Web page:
University of Washington Medical Center

Ankrom Moisan‘s design of the University of Washington Medical Center’s 6N and 7N units prioritizes comfort and functionality with flexible patient rooms, biophilic elements, and isolation capabilities for future pandemic readiness.

  • area / size 15,100 sqft
  • Completed 2023
  • Dedicated to the comfort and care of both mothers and their newborn babies, the UWMC 6N is an expansion of the University of Washington Medical Center’s (UWMC) existing mother-baby unit designed by Ankrom Moisan. Attached to yet separate from the rest of the unit, 6N lies in its own peninsula within the UWMC building. Away from the hustle and bustle of the rest of the hospital, the OB expansion provides high levels of direct, specialized care and monitoring, as well as extra privacy. Designed as a flexible space, the patient rooms in 6N can be used in different ways for recovering and expecting mothers, accommodating antepartum examinations and postpartum recovery care. The flexible use of the patient rooms supports different staffing models, depending on the type of care needed.

    A focus on freshness in the front entry to UWMC 6N welcomes patients into the safety and support of the Natal Care Unit. The abundance of light from exterior windows and interior light fixtures marks the expanded wing as welcoming and approachable, a significant benefit for the patients who occupy the unit for extended periods while receiving care. Within patient rooms, a deliberate effort to embrace the feelings and aesthetics associated with hospitality spaces guarantees comfort while adhering to the existing UWMC design standards. Earth-tone finishes and wood-look headwalls bring moments of biophilia into each patient room, while wide windows provide exquisite views of the University of Washington’s campus below. Sleeper sofas, pendant lights, and repeated geometric patterns are among the deliberate design decisions that create moments that transform the patient rooms from clinical spaces into a home away from home. Durable finishes ensure that the rooms are easy to clean and built to last, without sacrificing an ounce of comfort.

    Moving up to the next floor, occupying an entire wing of UWMC, Ankrom Moisan designed the 7N MedSurg unit to establish a surplus of essential patient rooms that can be utilized for all purposes. As a retrofit, Ankrom Moisan worked closely with the hospital to understand their need for a universal space. To have the most long-term flexibility in terms of programming, they utilized iterative thinking alongside the construction process to design 7N as a floor of catch-all rooms that support the most basic and general types of hospital care.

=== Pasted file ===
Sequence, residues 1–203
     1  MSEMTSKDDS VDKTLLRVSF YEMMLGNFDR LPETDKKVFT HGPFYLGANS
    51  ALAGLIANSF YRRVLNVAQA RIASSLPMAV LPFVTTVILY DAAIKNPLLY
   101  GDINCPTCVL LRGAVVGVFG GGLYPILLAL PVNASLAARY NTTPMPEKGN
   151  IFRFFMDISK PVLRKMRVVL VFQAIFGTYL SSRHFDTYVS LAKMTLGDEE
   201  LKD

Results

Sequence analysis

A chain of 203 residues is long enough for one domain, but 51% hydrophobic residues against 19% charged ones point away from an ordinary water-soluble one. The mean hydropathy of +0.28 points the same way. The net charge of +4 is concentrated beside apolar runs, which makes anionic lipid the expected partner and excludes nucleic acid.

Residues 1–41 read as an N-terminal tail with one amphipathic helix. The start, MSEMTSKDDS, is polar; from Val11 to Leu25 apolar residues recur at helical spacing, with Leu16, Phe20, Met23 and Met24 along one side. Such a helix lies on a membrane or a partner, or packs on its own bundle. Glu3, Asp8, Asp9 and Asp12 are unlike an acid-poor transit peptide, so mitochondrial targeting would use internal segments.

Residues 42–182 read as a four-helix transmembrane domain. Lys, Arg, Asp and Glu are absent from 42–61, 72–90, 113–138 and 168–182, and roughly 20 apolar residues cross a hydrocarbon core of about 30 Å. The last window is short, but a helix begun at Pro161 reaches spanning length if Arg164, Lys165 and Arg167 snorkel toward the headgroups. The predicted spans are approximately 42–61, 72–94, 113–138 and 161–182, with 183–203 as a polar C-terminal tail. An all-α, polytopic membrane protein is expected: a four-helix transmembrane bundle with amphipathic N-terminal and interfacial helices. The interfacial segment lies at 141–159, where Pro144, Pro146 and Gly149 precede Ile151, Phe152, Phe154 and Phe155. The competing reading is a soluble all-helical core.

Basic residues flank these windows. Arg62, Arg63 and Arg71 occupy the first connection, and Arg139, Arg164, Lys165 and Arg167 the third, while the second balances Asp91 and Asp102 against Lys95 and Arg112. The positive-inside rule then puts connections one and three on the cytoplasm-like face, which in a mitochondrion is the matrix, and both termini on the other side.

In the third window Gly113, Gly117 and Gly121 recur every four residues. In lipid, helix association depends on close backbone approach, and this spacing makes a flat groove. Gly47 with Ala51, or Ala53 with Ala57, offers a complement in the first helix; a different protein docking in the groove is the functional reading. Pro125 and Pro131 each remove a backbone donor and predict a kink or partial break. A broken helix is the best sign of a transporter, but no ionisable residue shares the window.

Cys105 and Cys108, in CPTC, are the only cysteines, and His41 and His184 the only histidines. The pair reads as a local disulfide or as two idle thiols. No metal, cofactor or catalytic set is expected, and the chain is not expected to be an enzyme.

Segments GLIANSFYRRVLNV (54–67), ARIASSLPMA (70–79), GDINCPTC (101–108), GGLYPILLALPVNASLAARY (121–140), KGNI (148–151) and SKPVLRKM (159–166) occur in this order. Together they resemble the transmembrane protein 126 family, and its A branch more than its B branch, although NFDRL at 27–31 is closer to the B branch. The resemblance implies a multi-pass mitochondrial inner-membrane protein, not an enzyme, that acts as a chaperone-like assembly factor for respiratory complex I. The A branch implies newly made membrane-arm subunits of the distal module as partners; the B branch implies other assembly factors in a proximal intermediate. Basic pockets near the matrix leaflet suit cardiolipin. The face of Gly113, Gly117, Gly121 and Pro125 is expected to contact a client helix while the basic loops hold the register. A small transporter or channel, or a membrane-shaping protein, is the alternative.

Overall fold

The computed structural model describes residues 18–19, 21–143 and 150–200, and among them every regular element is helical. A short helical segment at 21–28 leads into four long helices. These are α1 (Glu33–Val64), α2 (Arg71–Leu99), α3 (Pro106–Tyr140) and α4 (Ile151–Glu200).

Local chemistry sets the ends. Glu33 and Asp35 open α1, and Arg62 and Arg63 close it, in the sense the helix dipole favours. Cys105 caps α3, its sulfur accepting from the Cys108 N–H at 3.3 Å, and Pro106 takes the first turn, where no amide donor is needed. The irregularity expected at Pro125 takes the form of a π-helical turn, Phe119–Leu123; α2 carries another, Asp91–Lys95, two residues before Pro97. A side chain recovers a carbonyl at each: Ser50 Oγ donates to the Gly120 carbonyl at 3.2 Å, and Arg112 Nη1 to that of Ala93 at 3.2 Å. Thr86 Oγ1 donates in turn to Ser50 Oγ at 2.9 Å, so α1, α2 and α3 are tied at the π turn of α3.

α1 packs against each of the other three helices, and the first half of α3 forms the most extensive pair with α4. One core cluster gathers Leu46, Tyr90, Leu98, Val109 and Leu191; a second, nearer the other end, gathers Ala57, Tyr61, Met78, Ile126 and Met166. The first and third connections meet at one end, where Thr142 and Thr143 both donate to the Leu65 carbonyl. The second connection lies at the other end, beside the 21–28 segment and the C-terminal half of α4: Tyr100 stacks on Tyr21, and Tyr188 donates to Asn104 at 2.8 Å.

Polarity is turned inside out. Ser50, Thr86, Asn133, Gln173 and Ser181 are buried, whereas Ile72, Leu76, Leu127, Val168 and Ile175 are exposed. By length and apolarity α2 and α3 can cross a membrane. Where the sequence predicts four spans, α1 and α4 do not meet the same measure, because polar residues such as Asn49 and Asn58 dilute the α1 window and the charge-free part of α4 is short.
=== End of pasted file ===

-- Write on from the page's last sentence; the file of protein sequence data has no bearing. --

When entering 7N from the primary corridor, patients and staff alike are flanked by wood pilasters. Finishes and design standards cohesive with UWMC’s other inpatient floors brand 7N with a unified design aesthetic. Working with that standard palette, durable stretched fabric wall coverings are utilized to provide feelings of calm through acoustic dampening effects that reduce unwanted sound, an important consideration to support patients’ rest and recovery. Graphics and imagery tied to soft morning light, water droplets, and fog connect the space to the nearby Montlake Cut. An intentional effort to imbue the space with sensations of lightness and brightness prevents the feeling of being in an institutional setting, which was a big effort for the wing.

    Since 7N does not share programming with other units, the floor was designed to stand alone as its own wing. Staff don’t have to leave the unit for support services, and there is a unique level of flexibility – mechanically and architecturally – on the floor that allows the unit to be easily converted to an isolation unit in preparation for a future pandemic or for highly contagious patient populations. Temporary walls can be erected at the unit’s entrance, cordoning off the space as a secure location for the immunocompromised or the infected in the event of another pandemic. An anteroom with a sink allows staff to put on the proper protective gear and disinfect themselves before and after entering the isolation unit, while a closed system of air circulation ensures there is no contamination between the quarantined wing and the rest of the floor.

    Design: Ankrom Moisan
    Photography: Moris Moreno